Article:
Just Released the Top 100 Police Departments in the United States
We have a top 10 or 50, or 100 list for just about everything, lists that rank everything from hospitals to best restaurants, pet adoption, day care, grocery stores, retail shops, salons, bars, local TV newscast, news anchor, the products we use daily, cities or states we plan to move to or visit, everything has a top list.
I searched high and low and couldn’t seem to find an all inclusive list of top rated police departments throughout the United States.
I even checked CALEA, where police departments can obtain accreditation and awards for excellence and could not find a list of the top 100 let alone top 50 police departments within the United States.
I started to wonder why?
I really want to know which police departments within the United States are ranked the highest to the lowest and why. What parameters were used to rank them and where they are.
So that I could better determine if we really have a cop issue or a citizen issue in the US or are these issues a lot more isolated than the media, the Black Lives Matter Movement and other groups make them out to be.
As I searched, I started seeing lists that were geared towards police work. They offered, helpful information such as, where I could find the best police department to work for, those that paid the highest wages, best cities to be a cop in and a top 10 of the most stable departments to work for.
To put it into perspective…
We are inundated daily with stories of police bias and brutality, officer involved shootings that were perceived as wrongful, stories about police misconduct and abuse at the hands of police.
When you take a step back and think about it, we do not take the time to appropriately or fairly praise or appreciate departments and the police who work in them for doing an outstanding job of serving the communities they work in.
We ignore the sacrifices these men and women make every working day and focus on the bad. It’s amazing how a handful of cops or departments can take the limelight from those that truly do shine brighter.
We tend to only see the the best of the best, the brightest lights once we are wearing the darkest pair of shades so do not truly see how bright the light is.
The only list I could find easily was a list that ranked the top 10 police forces in the world.
The police forces were ranked by things like resources and efficiency, public protection, how well they did at protecting vulnerable people, ability to tackle crime, implementation of neighborhood policing, fewest citizens beaten and/or shot, fairness, shots fired by the police on the force per year, and local priorities.
I’m sure I missed a few on the list that was used to rank Police Forces, but only two in the United States made the list made by infotainworld.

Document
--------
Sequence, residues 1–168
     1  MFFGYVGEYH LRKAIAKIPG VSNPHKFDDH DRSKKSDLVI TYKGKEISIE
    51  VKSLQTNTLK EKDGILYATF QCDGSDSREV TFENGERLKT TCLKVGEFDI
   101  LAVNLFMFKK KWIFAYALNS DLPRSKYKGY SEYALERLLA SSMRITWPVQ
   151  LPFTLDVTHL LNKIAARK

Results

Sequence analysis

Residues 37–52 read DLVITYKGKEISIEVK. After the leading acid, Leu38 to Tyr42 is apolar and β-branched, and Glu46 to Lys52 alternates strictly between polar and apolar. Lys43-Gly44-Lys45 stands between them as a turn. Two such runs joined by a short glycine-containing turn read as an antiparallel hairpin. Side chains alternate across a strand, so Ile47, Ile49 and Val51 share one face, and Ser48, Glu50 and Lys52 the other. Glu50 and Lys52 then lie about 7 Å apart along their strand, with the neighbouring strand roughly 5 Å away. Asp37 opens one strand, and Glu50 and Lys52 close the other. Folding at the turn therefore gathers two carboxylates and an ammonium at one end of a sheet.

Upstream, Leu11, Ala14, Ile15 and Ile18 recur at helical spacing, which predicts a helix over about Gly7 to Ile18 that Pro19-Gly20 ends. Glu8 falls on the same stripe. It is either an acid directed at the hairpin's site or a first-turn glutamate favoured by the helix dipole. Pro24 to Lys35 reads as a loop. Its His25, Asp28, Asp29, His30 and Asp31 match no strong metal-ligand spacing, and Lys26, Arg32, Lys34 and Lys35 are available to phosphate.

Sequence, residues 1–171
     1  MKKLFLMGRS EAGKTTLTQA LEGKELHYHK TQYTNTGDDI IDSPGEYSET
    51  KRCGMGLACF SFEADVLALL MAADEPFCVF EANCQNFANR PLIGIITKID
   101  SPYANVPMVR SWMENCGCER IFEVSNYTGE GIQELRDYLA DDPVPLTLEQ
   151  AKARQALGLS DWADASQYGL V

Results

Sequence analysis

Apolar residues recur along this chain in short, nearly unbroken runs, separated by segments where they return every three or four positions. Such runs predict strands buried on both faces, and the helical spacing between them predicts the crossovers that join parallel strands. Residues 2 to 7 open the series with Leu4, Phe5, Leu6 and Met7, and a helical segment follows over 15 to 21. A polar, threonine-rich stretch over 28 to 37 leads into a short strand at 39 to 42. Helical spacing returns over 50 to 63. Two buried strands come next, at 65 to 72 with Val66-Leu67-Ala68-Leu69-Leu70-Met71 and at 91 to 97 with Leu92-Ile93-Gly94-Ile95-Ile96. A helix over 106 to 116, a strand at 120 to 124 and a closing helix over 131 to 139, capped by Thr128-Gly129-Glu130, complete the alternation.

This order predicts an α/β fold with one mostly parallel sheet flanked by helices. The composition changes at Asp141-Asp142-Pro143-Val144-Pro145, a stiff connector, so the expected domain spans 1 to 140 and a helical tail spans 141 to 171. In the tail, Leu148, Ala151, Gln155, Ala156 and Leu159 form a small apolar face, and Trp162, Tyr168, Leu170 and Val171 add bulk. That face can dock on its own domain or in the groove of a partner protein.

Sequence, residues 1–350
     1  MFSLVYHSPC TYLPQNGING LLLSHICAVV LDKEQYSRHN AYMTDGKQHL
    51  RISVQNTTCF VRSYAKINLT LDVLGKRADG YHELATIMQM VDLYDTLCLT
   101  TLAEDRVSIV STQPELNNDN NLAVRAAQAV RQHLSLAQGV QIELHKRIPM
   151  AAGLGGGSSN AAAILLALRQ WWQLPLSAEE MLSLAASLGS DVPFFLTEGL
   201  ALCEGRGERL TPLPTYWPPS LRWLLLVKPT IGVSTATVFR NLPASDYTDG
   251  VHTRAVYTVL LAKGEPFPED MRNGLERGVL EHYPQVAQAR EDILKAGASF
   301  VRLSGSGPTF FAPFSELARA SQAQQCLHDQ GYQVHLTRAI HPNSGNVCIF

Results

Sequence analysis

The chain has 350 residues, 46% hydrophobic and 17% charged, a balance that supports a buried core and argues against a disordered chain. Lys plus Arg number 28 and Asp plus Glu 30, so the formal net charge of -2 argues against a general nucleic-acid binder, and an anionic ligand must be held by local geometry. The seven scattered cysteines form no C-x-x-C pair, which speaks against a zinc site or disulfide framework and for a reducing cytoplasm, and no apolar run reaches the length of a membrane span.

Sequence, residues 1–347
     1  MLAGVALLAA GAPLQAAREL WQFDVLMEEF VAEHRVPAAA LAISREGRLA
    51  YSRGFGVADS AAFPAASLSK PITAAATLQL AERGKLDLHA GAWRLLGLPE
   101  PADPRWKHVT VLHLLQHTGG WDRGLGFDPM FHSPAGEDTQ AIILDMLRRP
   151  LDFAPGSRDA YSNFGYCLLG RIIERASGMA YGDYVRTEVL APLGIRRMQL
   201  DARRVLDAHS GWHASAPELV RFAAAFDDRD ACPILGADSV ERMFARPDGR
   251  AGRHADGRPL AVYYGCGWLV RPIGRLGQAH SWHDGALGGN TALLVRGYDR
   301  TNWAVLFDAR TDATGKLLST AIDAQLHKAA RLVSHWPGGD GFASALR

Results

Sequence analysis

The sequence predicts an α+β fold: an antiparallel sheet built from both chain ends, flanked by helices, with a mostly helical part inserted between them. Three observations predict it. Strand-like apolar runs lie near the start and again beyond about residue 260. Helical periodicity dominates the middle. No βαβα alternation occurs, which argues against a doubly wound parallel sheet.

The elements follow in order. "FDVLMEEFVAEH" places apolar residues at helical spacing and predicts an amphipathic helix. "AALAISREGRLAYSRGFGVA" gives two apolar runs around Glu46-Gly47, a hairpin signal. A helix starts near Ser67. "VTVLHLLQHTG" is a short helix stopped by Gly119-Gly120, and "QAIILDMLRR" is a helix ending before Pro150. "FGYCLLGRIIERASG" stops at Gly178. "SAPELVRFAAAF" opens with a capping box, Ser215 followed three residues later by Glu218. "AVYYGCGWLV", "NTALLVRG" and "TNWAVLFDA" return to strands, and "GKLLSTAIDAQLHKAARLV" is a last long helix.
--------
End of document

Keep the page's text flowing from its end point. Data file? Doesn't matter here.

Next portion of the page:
The California Highway Patrol and the NYPD were on the list, they were the only two departments from the US that made the list.
It is fair to say the those who created the list did not look nationwide here in the US at all of the departments within our country.
If they had, the list could have been a comprehensive study and a true comparative analysis of all police forces in the US the picture would have been different.
Sadly it still did very little to explain why no such list truly exists in the US. If it did, we’d get a much more clear idea of how widespread police misconduct really is.
The ability to have a list of top police departments in each county and state within the United States would show us that comparatively, all of the news stories about police misconduct really are just a handful of police and departments once you see the bigger picture.
The bigger picture being all of the departments, all of the police that we are not seeing splashed all over the news for getting it right.
That list would be crucial for those that are both for or against police reform. If you look at departments who do well, don’t have issues, wouldn’t you want to model your problem department after those that are being ranked much higher than yours?
Would it not help the Justice Department when it makes a recommendation that may or may not work for instance like in Oakland?
The issue that you have with the DOJ overseeing police reform is that they are not the cops on the street, they are not the departments that have a stellar track record within the communities they serve.
They simply cannot know how to tackle some of the problem departments and when they try, it costs the taxpayers way too much and the recommendations more often than not, end up failing in the long run.
In truth, at the end of the day instead of the DOJ running oversight and starting new programs so they can go in and help departments who feel they need help, these departments should be looking at the one’s who are doing it right.
The police and departments who are doing it right have already set the standard for how it should be done and the DOJ can’t top that let alone replicate it.
Cristal M Clark